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**genericname****Member**- Registered: 2012-05-16
- Posts: 52

Hi, I am a bit confused about this problem.

For each of the following random variables, tell whether it would naturally represent a finite, discrete or continuous random variable. Explain your reasoning.

*a) X is the number of customers who walk into a shop between noon and 1PM on some particular day.b) X is the amount of orange juice in a randomly chosen 8-ounce carton of juice.c) X is the amount of times you play the lottery until you win? We'll assume that once you win you stop playing.d) X is the number of women in a randomly chosen sample of 500 New York City residents.*

For the answers I got:

a) Finite because the amount of people between the noon and 1PM are countable.

b) Continuous because the amount of juice is uncountable.

c) Continuous because you don't know when you will win.

d) Discrete because it is taking a number of people from a set amount.

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**bob bundy****Moderator**- Registered: 2010-06-20
- Posts: 7,376

hi genericname

In all the maths courses I've come across data sets have only been divided into discrete and continuous.

There's a simple definition / example at

http://www.mathwords.com/d/discrete.htm

So how has 'finite' defined in this context.

Bob

You cannot teach a man anything; you can only help him find it within himself..........Galileo Galilei

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**genericname****Member**- Registered: 2012-05-16
- Posts: 52

I think it means that something can be completely counted. Not quite sure.

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**bob bundy****Moderator**- Registered: 2010-06-20
- Posts: 7,376

Oh.

That's two of us who don't know then.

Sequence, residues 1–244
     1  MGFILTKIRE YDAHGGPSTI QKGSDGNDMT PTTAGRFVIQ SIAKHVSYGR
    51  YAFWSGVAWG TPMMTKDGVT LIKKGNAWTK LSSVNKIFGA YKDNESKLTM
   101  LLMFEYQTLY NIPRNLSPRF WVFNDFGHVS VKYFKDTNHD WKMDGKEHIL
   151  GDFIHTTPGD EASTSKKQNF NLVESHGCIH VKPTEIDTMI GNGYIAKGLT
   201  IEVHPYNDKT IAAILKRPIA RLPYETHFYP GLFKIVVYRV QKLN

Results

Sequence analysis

a) X is the number of customers who walk into a shop between noon and 1PM on some particular day.

b) X is the amount of orange juice in a randomly chosen 8-ounce carton of juice.

c) X is the amount of times you play the lottery until you win? We'll assume that once you win you stop playing.

d) X is the number of women in a randomly chosen sample of 500 New York City residents.

I'd say (b) is definitely continuous.

The others are all positive integers so that would make them discrete. I cannot see any speicial quality that would make some 'finite'. They are all countable but all discrete data has to be that or you don't 'know' it.

Sorry I cannot be more help.

What is the course?

Bob

You cannot teach a man anything; you can only help him find it within himself..........Galileo Galilei

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**genericname****Member**- Registered: 2012-05-16
- Posts: 52

The course is Elementary Probability and Statistics.

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**bob bundy****Moderator**- Registered: 2010-06-20
- Posts: 7,376

I've had a search on-line and can only find two categorisations of data: discrete and continuous.

See:

http://www.chegg.com/homework-help/defi … tinuous-31

However the Wiki article does allow that discrete distributions may be finite or infinite (by which they mean no upper limit but can be counted)

See:

http://en.wikipedia.org/wiki/Probability_distribution

About one third of the way down the article look for the section: "Discrete probability Distribution"

So here's my best shot at the answers:

a) X is the number of customers who walk into a shop between noon and 1PM on some particular day. discrete and unbounded"

b) X is the amount of orange juice in a randomly chosen 8-ounce carton of juice. continuous

c) X is the amount of times you play the lottery until you win? We'll assume that once you win you stop playing. discrete and unbounded

d) X is the number of women in a randomly chosen sample of 500 New York City residents. discrete and finite

Bob

You cannot teach a man anything; you can only help him find it within himself..........Galileo Galilei

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